This year promises a bunch of launches featuring new rockets from a range of operators. Let’s take a look at five notable rocket launches that are sure to make headlines over the coming months:
ULA’s Vulcan Centaur
United Launch Alliance
The first of these takes place on Monday, January 8, with United Launch Alliance conducting the maiden launch of its brand-new Vulcan Centaur rocket. The 202-feet-tall (61.6-meter) vehicle will launch from the Kennedy Space Center in Florida on a mission to become the first to land a privately built lander on the moon.
The Vulcan Centaur is a versatile two-stage rocket in that can be configured with two, four, or six solid rocket boosters, giving it a maximum thrust of 3.8 million pounds — that’s more than double that of SpaceX’s workhorse Falcon 9 rocket.
The ULA’s new rocket will replace both of ULA’s existing launchers, the Atlas V and Delta IV Heavy.
SpaceX / SpaceX
SpaceX is currently planning the third launch of the most powerful rocket ever built, the Starship.
Following two failed test missions last year, the Elon Musk-led spaceflight company is keen to see the 397-feet-tall (121-meter) rocket achieve its first orbital mission in a flight that will take place once SpaceX receives permission from the Federal Aviation Administration, hopefully in the coming weeks.
With the first-stage booster’s 33 Raptor engines packing a colossal 17 million pounds of thrust at launch, Starship liftoffs are a sight for rocket fans to savor.
The long-term plan is to use the Starship to transport cargo and crew to the moon, Mars, and beyond.
NASA’s Space Launch System
NASA / NASA
In November, NASA is set to use its powerful Space Launch System (SLS) rocket for its first crewed flight, powering its Orion spacecraft and four astronauts toward the moon in the Artemis II mission.
The SLS rocket flew for the first time just over a year ago, sending a crewless Orion spacecraft on a voyage around the moon that paved the way for Artemis II.
The 322-feet-tall (98-meter) rocket packs around 8.8 million pounds of thrust at launch — that’s around a million pounds more than the mighty Saturn V rocket that powered the Apollo astronauts toward the moon five decades ago.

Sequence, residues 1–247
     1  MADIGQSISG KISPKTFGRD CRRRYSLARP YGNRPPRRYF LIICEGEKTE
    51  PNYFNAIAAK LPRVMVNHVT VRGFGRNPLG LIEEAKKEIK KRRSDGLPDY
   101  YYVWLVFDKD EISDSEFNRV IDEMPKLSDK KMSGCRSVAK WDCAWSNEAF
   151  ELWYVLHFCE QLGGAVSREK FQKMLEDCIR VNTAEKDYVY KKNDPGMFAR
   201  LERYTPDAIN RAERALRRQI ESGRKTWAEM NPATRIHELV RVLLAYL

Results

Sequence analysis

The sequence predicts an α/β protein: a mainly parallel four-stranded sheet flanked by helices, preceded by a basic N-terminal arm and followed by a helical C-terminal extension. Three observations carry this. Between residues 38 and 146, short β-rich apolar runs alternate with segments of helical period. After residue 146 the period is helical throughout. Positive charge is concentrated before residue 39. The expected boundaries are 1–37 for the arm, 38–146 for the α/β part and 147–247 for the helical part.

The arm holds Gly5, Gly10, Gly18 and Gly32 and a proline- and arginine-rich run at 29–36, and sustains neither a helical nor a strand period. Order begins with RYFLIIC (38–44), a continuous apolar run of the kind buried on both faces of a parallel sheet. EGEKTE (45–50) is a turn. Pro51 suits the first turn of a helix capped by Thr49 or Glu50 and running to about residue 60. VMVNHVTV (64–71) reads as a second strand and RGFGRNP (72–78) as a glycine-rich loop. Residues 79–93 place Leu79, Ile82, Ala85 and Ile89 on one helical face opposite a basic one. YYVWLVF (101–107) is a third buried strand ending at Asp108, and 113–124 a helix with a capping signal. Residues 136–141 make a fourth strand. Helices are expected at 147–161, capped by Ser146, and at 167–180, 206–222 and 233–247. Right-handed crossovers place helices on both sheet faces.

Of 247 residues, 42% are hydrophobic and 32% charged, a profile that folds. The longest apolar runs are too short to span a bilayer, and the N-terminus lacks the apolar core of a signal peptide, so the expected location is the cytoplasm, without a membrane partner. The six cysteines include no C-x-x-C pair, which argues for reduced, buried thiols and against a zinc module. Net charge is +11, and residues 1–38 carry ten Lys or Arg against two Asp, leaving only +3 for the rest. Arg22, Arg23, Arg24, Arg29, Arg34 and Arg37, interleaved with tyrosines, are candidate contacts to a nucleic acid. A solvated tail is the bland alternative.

Arianespace’s Ariane 6
This year should also see the first flight of Arianespace’s Ariane 6 vehicle for European heavy-lift missions.
France-based Arianespace is building two versions of the Ariane 6. The Ariane 62 will fly with two strap-on boosters, while the more powerful Ariane 64 will fly with four.
With a height of 207 feet (63 meters), the Ariane 6 will weigh almost 900 tons when launched with a full payload, which, according to the spaceflight company, is “roughly equivalent to one-and-a-half Airbus A380 passenger aircraft.”
Notably, the rocket’s upper stage engine is able to be stopped and restarted multiple times, making it ideal for missions in which multiple satellites need to be placed in different orbits.
Rocket Lab’s Neutron
Rocket Lab / Rocket Lab
Rocket Lab is a relatively new commercial spaceflight company that’s been making a name for itself in recent years, gradually increasing the frequency of its launches to deploy small satellites for a range of private firms and organizations, while also announcing plans for more ambitious endeavors.
These include the development of a brand new rocket called the Neutron, which, similar to SpaceX’s Falcon 9, will be capable of landing the first-stage booster so that it can be used for multiple missions. Such a system will enable Rocket Lab to slash mission costs so that it can offer better prices to companies looking to deploy satellites in orbit.
The 131-foot-tall (40-meter) Neutron will also be capable of interplanetary missions and crewed spaceflight, Rocket Lab said, adding that it plans to perform the first test flight of the new rocket later this year from NASA’s Wallops Flight Facility in Virginia.
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SpaceX shares stunning images of Saturday’s Starship launch
SpaceX has released some stunning images of its Starship rocket heading skyward during its second integrated test flight on Saturday.
The images (below) show the 33 Raptor engines of the first-stage Super Heavy booster as the world’s most powerful space vehicle blasted off the launchpad at SpaceX’s Starbase facility in Texas, creating around 17 million pounds of thrust in the process.
SpaceX needs good weather for Starship launch. Here’s how it’s looking
SpaceX is making final preparations to send the Starship to orbit on in what will be only the second test flight of the 400-foot-tall rocket.
The company had originally hoped to launch on Friday but has had to carry out some extra work that’s caused a 24-hour delay.
How to watch SpaceX launch world’s most powerful rocket on Saturday
UPDATE: SpaceX has called off Friday’s launch of the Starship and is now targeting Saturday. SpaceX CEO Elon Musk said in a social media post that engineers need to replace a grid fin actuator on the first-stage Super Heavy booster, a part which helps to steer the vehicle back to Earth. This article has been updated with the new launch schedule.
Source : Digital Trends